To my mind, 1989 corresponds to 1968. While 1968 had broken down the walls that closed our society, 1989 broke down the wall that defended "real socialism," from the world market.
Some of the main changes brought about by the collapse of communism were related to work. Capitalism replaced communism and, with that, free market replaced a regulated, centrally planned economy, post- Fordism replaced Fordism, and flexible employment and unemployment replaced jobs for life. However, surprisingly few Polish films made after 1989 put at the center of their discourse the question of work, career, class, and social advancement. Equally, little has been written on this subject. I address this gap in research by examining three Polish films made after 1989: Psy/Dogs (1992), directed by Wladyslaw Pasikowski; Komornik/Bailiff(2005), directed by Feliks Falk; and Silesia, directed by Anna Kazejak- Dawid, which is the first part in an omnibus film Oda do radosci/Ode to Joy (2005), of which the two remaining parts were directed by Jan Komasa and Maciej Migas. The central issue of my discussion is how the situation of working people, as represented in these films, compares to that of workers in the Polish films made in the 1970s, the last de cade before communism collapsed. Before I discuss Dogs, Bailiff, and Silesia, I characterize the Cinema of Moral Concern of the 1970s, the last distinctive paradigm of Polish "communist cinema."
My main conceptual tool to describe similarities and differences pertaining to the repre sen ta tion of work in these two cinematic paradigms is "multitude," borrowed from the books by Michael Hardt and Antonio Negri, who transplanted it to postmodern discourse on work from the writings of Hobbes and Spinoza.2 "Multitude" can be understood as a global citizens' movement against various forms of oppressions, including economic exploitation. "Multitude" conveys an idea that under certain conditions, people belonging to different social classes might collaborate to overturn what Hardt and Negri call an "Empire": an oppressive po liti cal system that spreads across national borders. Hardt and Negri use "multitude" to describe the po liti cal, social, and cultural conditions in the late capitalist world, but this concept also adequately captures the situation under late socialism. The Solidarity movement in Poland, which spread to practically the whole of the Eastern Bloc and resulted in its collapse, was, in my view, the perfect embodiment of "multitude." As Slavoj Zizek notes, it was a po liti cal alliance between many divergent and potentially antagonistic positions, including conservative nationalists, business- oriented individuals, the Catholic Church, farmers, artists, intellectuals, workers, and old disillusioned leftists. It happened, as Zizek puts it, "under the banner of a signifier which stands, as it were, on the very border which separates the po liti cal form from the pre- political, and 'Solidarity' was the perfect candidate: it is po liti cally operative as designating the 'simple' and 'fundamental' unity of human beings which should link them beyond po liti cal differences."3 Of course, Solidarity as multitude was possible because of the nearly universal hatred of the "Soviet Empire" in Poland and despite the numerous divisions existing in Polish society, between and inside social classes, and certain seeming advantages of living under the communist system.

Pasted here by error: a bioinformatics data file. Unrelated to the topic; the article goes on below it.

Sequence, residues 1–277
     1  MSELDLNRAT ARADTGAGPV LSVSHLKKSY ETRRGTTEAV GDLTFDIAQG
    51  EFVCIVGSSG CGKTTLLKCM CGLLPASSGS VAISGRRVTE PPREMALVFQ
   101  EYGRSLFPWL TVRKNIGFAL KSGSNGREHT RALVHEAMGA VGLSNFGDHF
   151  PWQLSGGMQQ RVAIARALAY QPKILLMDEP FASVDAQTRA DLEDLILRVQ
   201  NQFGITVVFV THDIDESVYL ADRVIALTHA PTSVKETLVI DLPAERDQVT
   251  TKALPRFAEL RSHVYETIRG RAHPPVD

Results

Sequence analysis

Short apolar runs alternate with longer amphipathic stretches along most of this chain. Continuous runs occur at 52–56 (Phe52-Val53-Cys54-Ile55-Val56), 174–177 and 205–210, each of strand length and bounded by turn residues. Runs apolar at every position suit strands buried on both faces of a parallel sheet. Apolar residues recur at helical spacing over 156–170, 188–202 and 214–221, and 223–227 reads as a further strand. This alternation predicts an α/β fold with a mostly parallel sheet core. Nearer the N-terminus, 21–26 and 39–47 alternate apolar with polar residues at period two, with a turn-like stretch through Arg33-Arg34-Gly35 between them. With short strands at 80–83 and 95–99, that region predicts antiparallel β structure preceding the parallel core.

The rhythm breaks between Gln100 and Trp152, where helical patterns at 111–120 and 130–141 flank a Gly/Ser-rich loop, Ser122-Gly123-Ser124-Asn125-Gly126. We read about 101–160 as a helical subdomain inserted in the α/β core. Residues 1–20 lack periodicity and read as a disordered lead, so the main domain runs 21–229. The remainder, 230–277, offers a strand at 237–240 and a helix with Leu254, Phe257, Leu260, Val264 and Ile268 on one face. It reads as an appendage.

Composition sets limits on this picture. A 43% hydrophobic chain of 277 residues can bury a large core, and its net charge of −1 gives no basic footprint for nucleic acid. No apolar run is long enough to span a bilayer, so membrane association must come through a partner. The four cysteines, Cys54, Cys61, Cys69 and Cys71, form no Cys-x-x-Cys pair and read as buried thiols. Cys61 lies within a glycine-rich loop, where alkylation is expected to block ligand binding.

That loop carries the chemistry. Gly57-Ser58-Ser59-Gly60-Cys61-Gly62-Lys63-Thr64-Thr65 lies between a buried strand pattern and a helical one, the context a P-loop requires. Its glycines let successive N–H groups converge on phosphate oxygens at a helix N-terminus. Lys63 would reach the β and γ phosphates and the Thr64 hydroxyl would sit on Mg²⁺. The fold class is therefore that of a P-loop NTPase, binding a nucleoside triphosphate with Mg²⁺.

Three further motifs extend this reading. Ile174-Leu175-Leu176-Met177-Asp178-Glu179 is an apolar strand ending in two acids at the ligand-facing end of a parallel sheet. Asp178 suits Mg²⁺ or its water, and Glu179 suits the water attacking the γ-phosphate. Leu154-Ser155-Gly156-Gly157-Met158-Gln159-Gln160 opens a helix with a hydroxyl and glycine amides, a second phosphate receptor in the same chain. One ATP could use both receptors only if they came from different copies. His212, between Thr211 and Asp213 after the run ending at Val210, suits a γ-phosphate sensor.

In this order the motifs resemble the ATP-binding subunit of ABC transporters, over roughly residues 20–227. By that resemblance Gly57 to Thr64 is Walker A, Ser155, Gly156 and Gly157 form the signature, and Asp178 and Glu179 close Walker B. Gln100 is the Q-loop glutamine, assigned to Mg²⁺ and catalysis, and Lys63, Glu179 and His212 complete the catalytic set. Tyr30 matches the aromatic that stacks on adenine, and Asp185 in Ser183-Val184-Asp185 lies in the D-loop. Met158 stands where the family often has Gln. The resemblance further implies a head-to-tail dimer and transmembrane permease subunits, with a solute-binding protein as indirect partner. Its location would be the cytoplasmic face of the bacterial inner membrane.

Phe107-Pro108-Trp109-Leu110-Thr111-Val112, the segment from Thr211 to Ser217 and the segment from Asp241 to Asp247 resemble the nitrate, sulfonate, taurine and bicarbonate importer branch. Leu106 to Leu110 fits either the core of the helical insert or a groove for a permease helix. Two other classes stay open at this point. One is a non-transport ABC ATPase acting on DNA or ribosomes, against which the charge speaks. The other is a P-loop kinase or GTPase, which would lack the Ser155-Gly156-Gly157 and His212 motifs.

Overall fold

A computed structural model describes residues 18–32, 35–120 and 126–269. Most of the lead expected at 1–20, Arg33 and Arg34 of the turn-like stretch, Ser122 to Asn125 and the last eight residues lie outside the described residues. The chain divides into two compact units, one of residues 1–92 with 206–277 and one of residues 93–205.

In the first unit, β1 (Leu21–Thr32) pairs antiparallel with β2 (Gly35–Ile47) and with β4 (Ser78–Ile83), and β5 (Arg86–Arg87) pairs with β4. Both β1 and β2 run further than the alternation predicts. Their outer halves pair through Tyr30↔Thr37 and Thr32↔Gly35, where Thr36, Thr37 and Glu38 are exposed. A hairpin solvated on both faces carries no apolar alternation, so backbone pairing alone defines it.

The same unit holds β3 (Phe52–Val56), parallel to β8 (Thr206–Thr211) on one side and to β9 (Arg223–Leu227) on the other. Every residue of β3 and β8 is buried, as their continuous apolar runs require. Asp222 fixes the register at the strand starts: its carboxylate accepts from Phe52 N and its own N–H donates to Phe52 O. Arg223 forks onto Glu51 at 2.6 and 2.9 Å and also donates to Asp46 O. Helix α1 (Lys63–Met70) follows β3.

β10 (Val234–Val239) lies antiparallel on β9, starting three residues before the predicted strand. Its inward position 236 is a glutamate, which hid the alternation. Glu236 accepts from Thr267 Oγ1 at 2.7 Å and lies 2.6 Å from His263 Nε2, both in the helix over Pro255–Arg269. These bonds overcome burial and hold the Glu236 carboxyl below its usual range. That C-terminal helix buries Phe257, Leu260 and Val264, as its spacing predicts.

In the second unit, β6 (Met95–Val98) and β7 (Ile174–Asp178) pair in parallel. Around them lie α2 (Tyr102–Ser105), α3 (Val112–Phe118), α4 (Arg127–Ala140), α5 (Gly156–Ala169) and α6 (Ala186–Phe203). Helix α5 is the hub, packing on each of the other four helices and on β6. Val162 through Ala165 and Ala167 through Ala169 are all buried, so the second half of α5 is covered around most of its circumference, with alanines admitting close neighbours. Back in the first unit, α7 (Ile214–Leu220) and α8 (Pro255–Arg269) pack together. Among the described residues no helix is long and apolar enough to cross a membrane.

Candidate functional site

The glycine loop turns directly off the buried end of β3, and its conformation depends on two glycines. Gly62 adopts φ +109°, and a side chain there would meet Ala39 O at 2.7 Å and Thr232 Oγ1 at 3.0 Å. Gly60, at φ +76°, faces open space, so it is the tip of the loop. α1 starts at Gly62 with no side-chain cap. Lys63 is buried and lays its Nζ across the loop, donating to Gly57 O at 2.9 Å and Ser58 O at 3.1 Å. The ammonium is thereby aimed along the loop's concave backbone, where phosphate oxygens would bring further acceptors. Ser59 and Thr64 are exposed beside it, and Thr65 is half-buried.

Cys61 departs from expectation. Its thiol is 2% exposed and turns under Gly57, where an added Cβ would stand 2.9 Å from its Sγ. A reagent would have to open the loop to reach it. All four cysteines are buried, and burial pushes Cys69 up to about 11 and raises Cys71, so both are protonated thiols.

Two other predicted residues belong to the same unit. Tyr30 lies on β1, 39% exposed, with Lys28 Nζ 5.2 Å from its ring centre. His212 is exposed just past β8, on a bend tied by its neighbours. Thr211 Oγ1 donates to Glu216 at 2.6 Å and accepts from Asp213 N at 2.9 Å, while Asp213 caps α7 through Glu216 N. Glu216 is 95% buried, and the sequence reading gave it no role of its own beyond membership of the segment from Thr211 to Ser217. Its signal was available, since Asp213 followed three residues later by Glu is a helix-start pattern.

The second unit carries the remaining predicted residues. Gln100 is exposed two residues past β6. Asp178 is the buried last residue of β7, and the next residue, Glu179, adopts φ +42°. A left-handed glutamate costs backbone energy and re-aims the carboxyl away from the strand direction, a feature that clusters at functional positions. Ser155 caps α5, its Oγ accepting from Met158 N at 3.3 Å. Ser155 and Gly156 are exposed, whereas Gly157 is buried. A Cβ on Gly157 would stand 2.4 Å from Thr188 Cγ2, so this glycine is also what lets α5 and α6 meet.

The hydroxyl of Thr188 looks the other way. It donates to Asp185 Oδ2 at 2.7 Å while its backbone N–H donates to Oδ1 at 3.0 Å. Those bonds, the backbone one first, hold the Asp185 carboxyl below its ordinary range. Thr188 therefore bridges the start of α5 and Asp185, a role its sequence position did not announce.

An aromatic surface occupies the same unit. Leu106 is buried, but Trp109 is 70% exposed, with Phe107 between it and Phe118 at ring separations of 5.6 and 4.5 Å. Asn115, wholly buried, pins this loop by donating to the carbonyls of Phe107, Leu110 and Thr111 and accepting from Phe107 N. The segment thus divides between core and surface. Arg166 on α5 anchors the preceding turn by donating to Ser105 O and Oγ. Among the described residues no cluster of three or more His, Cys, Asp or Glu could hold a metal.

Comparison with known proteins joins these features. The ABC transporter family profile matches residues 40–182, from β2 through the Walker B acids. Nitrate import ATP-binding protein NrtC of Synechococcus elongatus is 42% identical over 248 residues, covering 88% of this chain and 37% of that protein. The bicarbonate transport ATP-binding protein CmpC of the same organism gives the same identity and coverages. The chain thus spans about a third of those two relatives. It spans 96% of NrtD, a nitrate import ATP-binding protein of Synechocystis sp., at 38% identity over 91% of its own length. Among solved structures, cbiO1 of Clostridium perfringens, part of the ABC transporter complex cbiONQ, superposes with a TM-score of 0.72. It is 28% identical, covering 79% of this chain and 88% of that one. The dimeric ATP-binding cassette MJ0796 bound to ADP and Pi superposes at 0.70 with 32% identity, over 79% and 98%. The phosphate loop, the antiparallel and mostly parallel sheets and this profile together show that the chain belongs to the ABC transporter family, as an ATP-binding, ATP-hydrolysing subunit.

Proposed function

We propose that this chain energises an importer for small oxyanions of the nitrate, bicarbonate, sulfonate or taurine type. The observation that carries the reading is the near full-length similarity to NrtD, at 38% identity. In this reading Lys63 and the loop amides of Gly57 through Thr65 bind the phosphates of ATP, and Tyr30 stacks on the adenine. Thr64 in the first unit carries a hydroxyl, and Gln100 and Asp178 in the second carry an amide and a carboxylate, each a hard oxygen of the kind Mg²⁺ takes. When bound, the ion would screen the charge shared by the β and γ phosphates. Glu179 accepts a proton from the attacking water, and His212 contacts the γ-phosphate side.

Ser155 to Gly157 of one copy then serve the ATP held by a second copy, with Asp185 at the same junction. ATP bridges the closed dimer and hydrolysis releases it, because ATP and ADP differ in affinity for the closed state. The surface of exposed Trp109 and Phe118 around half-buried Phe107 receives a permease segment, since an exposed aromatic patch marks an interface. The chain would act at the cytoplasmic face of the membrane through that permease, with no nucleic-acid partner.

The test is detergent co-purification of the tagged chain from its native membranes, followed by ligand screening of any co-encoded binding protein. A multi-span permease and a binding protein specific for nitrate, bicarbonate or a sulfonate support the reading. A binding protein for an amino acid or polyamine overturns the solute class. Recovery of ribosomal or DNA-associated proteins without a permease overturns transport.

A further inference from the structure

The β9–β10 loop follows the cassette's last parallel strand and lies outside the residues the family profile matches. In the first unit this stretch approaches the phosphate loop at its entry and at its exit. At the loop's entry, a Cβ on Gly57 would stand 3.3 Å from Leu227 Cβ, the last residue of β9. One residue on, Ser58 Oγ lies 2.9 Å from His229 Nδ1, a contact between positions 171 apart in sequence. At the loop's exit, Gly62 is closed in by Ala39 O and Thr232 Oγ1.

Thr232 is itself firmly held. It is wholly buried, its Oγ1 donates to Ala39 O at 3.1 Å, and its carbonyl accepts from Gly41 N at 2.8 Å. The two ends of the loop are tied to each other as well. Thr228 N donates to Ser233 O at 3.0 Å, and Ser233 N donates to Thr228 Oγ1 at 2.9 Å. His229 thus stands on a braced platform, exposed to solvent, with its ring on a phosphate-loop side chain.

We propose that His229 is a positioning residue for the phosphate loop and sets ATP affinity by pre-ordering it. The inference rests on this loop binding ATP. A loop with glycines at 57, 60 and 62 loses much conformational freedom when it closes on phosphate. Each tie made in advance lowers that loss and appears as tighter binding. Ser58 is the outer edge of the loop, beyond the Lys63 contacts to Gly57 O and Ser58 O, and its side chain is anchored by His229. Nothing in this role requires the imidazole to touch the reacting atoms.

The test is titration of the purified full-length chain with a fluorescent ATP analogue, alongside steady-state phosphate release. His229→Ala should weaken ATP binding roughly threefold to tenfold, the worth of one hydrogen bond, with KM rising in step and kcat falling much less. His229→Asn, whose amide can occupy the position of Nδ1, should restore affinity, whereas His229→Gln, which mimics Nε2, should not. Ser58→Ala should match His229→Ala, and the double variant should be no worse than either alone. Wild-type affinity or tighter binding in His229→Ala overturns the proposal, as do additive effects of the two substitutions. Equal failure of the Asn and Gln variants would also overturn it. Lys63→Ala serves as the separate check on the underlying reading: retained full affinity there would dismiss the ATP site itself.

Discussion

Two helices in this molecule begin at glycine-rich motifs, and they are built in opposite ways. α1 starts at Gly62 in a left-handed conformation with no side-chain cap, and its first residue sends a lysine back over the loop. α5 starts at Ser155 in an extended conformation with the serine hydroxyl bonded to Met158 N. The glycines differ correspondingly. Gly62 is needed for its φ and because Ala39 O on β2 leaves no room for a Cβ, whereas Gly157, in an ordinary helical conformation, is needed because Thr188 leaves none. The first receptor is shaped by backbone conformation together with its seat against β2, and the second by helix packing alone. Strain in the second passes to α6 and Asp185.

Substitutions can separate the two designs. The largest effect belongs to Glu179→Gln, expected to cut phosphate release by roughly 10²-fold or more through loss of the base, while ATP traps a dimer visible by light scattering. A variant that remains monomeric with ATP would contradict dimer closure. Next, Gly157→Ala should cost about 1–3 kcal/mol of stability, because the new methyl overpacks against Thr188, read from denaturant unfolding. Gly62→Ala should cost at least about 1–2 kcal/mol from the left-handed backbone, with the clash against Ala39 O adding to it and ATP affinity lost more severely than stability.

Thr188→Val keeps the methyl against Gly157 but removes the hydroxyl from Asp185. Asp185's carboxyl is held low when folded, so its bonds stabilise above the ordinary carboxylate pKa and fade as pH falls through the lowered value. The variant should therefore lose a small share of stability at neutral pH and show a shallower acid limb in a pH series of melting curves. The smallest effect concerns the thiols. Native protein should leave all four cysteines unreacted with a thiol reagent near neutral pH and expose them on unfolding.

Hardt and Negri purposefully play down the differences between those who make up multitude because unity in diversity is at the core of this concept. The most important relation for them is that between multitude and Empire. I am, however, as interested in the relation between those who belong to these social forms as between multitude (real and potential) and Empire. For this reason, I employ Pierre Bourdieu's concepts of "capital," "field," and "habitus." At the heart of these concepts is a conviction that the social world should be considered in terms of relations, which are constantly shifting: "the real is the relational. …